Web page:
James Baugh, who had been head of sales for both the LSE and Turquoise – the equity market the UK exchange group owns with major banks – will join Citi later this year as a director and head of European market structure, according to people familiar with the situation.
He will work within the bank’s equities business, advising on regulatory changes such as the implementation of the revised Markets in Financial Instruments Directive, or Mifid II, and liquidity solutions, one person said.
Baugh, who has been with the LSE since 2004 and was named as one of FN’s Rising Stars in Europe’s trading community in 2010, fills a role formerly held by Dan Mathews, who left in May to launch a fintech startup.
Baugh had been heavily involved in a number of the LSE’s new electronic trading services, including Turquoise’s Block Discovery and Uncross initiatives, designed to help investors trade larger-sized orders.
He will become one of several recent joiners hoping to reinstate Citi as a major force in electronic equity trading. It has fallen down industry rankings in recent years, and was the ninth-ranked bank by pan-European customer equity flow in 2015, according to IHS Markit.
Other recent hires include John Lowrey, who joined as global head of cash electronic execution in July 2015, and Leonie Ryan, as reported by FN last month.
Having a dedicated market structure specialist as part of an electronic equities trading business has become crucial since Mifid came into force in November 2007 and overhauled the equity market structure in Europe. Most banks created a head of market structure role to help them keep abreast of the regulatory changes.
One buyside trader told FN: “The more I understand what’s going on from a market structure standpoint, the more important and the more valuable a trading desk becomes to the firm.”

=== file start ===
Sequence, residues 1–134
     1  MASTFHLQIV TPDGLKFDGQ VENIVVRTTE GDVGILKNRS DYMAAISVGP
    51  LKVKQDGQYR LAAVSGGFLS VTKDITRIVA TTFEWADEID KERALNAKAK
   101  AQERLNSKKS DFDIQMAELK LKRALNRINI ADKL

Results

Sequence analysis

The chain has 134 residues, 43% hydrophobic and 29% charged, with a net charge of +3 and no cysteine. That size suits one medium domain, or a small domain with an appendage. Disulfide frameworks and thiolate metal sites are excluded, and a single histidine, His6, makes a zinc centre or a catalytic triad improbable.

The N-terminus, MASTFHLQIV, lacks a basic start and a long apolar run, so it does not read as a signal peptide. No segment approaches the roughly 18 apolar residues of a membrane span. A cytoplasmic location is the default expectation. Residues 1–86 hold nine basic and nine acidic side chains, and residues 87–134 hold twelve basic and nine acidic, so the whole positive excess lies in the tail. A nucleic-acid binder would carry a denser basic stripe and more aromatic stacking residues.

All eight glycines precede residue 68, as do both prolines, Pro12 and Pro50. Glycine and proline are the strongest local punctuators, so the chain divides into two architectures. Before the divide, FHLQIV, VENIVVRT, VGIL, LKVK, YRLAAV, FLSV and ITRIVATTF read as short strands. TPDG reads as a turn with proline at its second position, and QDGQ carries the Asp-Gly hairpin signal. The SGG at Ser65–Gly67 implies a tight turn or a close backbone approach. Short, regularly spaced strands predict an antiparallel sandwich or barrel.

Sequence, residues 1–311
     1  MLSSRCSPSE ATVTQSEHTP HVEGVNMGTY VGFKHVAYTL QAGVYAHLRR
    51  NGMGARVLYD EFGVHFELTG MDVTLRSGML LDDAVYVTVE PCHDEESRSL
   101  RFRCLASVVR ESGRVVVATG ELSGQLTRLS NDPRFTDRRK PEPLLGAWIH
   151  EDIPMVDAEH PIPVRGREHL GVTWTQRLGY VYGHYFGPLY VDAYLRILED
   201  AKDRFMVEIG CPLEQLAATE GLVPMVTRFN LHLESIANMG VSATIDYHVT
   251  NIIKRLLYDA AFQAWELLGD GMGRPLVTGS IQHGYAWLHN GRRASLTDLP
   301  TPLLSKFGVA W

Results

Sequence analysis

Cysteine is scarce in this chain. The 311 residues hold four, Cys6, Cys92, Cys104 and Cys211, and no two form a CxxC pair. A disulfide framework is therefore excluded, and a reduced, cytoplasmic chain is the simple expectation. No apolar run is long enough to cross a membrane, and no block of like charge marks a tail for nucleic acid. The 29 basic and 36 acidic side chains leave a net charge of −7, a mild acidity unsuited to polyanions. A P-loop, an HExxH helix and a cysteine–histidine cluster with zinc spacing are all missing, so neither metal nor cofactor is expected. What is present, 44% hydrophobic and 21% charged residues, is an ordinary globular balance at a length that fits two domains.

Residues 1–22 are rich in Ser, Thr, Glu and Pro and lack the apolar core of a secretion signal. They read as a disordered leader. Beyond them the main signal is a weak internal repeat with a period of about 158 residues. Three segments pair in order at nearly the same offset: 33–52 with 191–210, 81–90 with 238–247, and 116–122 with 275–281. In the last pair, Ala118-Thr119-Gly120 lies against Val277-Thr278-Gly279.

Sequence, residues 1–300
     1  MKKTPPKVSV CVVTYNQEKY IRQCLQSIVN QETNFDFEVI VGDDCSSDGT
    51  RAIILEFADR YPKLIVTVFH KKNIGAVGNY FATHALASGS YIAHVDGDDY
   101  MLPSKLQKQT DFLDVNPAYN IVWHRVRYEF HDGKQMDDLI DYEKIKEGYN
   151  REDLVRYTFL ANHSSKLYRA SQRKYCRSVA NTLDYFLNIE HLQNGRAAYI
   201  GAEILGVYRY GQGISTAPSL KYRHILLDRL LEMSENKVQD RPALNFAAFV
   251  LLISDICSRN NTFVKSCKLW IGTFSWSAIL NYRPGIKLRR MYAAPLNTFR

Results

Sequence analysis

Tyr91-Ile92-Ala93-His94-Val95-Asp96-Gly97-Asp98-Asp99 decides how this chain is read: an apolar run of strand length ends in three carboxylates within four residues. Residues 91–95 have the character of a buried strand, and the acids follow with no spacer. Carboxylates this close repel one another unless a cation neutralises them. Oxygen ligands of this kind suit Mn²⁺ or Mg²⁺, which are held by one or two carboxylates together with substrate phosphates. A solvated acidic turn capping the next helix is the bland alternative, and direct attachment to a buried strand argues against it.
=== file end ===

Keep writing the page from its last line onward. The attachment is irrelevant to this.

Those in the roles typically feed into the development on new products but also guide clients through regulatory changes and new trading initiatives via newsletters, events and one-on-one briefings. They are also often the point-person for consortium initiatives, with many holding board roles on trading venues.
Increasingly, market structure experts are being called on upon to help provide strategic direction across banks, given the wide-ranging nature of Mifid II, which comes into force in 2018.
Mifid II will have a profound effect on European market structure, bringing more transparent trading methods across a much wider range of asset classes and the changing the way investment research is purchased.
The head of market structure at one bank said: “I am increasingly advising a much wider audience of people. At clients, that now includes chief information officers, chief operating officers and chief executives. Internally, it is heads of equities and fixed income trading, regulation, compliance and exchange analysts.”